When you think of world's most successful businesses, what names come to mind? Most likely, consumer-oriented giants such as Coca-Cola, McDonald's, Sheraton, Disney, IBM, and General Electric. Not only have they spent billions on advertising to buy their way into your head. They offer convenient products and services that have made them a part of your life.
But when you think of most successful web sites, what names come to mind? Names like Google, Yahoo! Amazon, AOL, Kazaa (for better or worse), and Hotmail.
The late-1990s mantra about web being a disruptive technology that would destroy traditional companies may have been overstated. But a decade and a half into web's existence, it is clear that world's leading corporations have been sidelined on web.
The biggest shopping site is not walmart.com but amazon.com. The biggest map site is not randmcnally.com but mapquest.com.
Established companies have usually only been able to buy their way into this market through acquisitions (as with Microsoft's purchase of Hotmail, which it used as a base for creating MSN).
Why, with few exceptions, were world's most successful web sites not launched by world's most successful corporations?
Many Big Name Companies' Web Sites a Vast Waste of Time for Visitors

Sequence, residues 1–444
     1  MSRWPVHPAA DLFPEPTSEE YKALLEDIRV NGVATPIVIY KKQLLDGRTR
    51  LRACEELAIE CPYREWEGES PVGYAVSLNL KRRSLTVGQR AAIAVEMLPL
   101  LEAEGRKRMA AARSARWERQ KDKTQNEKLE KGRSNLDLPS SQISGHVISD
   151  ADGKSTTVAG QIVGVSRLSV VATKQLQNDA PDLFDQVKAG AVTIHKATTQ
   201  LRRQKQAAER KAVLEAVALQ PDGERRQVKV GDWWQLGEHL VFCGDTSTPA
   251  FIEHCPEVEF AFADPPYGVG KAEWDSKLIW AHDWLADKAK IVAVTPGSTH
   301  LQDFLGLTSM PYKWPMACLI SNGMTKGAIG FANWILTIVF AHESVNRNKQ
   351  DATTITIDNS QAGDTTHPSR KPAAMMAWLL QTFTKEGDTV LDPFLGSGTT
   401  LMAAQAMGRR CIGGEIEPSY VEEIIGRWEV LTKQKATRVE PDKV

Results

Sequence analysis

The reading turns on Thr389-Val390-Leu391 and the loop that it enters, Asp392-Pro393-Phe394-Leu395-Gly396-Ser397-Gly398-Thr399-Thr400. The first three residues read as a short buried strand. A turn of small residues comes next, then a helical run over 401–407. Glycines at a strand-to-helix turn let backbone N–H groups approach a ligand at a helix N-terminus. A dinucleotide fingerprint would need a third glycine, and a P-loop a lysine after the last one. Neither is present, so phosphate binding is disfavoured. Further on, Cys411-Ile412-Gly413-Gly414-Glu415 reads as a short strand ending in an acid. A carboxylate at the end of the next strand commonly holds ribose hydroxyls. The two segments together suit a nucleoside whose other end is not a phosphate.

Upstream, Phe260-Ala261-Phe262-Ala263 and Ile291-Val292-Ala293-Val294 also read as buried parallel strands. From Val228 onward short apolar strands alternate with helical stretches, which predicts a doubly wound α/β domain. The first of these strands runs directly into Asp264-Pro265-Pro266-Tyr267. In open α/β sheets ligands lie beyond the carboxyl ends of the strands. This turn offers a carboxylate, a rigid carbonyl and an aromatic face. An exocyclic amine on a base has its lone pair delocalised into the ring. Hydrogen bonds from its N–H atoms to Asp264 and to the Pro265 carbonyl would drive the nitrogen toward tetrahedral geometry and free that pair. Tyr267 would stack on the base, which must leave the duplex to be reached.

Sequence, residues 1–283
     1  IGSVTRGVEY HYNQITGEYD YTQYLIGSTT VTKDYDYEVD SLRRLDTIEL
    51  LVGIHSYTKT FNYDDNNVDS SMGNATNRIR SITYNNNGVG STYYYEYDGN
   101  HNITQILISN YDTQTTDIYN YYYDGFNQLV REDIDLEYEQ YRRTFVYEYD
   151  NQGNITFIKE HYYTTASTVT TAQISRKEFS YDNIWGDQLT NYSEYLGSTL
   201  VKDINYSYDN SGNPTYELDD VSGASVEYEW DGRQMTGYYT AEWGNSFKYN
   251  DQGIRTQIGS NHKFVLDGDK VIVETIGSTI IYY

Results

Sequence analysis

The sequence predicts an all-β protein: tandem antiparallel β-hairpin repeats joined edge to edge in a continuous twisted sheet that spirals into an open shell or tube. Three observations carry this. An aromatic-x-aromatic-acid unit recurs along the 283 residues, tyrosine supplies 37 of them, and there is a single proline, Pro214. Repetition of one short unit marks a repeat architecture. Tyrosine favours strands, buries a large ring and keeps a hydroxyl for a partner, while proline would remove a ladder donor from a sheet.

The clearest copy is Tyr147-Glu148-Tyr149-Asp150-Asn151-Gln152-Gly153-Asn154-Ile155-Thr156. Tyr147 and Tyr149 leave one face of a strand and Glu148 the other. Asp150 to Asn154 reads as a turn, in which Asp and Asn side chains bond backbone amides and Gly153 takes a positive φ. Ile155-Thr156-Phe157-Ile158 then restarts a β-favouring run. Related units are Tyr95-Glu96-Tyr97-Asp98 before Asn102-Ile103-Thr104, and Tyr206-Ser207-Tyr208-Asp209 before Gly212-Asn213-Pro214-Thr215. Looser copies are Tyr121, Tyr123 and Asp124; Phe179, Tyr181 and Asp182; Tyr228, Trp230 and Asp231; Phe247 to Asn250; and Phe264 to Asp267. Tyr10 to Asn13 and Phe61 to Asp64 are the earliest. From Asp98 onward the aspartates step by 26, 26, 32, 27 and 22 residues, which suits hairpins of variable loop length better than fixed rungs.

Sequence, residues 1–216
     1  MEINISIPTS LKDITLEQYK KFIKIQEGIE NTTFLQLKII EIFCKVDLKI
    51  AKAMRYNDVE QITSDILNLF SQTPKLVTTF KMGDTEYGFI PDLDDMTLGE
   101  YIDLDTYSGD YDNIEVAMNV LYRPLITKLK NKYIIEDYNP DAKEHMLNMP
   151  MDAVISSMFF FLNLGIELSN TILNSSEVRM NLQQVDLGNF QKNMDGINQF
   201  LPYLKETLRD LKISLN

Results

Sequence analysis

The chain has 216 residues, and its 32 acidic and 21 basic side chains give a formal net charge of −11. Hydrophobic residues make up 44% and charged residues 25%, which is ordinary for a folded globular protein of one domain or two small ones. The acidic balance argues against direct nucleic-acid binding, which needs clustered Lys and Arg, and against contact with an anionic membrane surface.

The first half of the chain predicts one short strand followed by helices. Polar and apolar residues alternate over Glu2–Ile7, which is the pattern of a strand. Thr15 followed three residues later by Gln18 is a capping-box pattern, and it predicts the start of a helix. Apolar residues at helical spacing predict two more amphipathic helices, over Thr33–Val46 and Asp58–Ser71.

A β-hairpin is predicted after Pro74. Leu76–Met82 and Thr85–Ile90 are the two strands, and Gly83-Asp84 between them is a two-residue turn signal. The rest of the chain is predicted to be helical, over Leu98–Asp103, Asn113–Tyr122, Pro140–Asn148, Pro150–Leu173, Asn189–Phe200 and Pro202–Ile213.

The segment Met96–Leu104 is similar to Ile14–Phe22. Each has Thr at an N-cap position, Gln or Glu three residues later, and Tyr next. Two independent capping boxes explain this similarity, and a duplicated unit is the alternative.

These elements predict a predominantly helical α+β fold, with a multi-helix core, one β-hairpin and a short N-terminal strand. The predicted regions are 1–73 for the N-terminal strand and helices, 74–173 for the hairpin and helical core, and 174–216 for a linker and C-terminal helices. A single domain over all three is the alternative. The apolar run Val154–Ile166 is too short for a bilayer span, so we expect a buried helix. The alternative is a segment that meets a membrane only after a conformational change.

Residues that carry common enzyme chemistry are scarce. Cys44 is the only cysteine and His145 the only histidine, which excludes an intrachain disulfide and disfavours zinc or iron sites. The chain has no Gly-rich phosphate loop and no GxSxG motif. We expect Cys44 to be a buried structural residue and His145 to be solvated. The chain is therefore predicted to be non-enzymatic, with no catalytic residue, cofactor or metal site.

The McDonald's web site talks about food, but has no real menu. The Coca-Cola USA web site has no clear ingredients list or nutritional information, no recipes for floats or mixed drinks, no company history, and nothing else useful to people who like Coke. All that information has been inexplicably located on "company" page, which on every other web site is used for investor relations. The Johnson and Johnson web site has useful information if you can access it—when author attempted to open it, it crashed two different web browsers (Internet Explorer and Mozilla) before finally yielding (to Opera browser).
Many big-name companies' web sites offer lessons in what not to do in web design. The biggest lesson by far is not to sacrifice usability in an attempt to look cool, and never forget why your users came to your site in first place. McDonald's may be world's largest restaurant chain, but it didn't get that way because of its web site.
Why Big-Budget Websites Are More Often Bombs than Blockbusters
The web sites of many successful corporations (both B2C and B2B) are like big-budget Hollywood movies that spend millions on stars and special effects, and a quarter of a percent of budget on script. Worse, special effects of blockbuster web sites are far more annoying than impressive.
Special Effect that Bombs Number 1: Flash!
When web sites don't offer any content—any useful information to read—what do they put up there instead? Spinning Coke bottles. Chicken McNuggets and French fries that zoom out toward you when you position your cursor over them. Changing pictures of generic-looking office buildings and men in suits (on web site of real estate giant CB Richard Ellis—but that essentially describes generic look of many corporate web sites).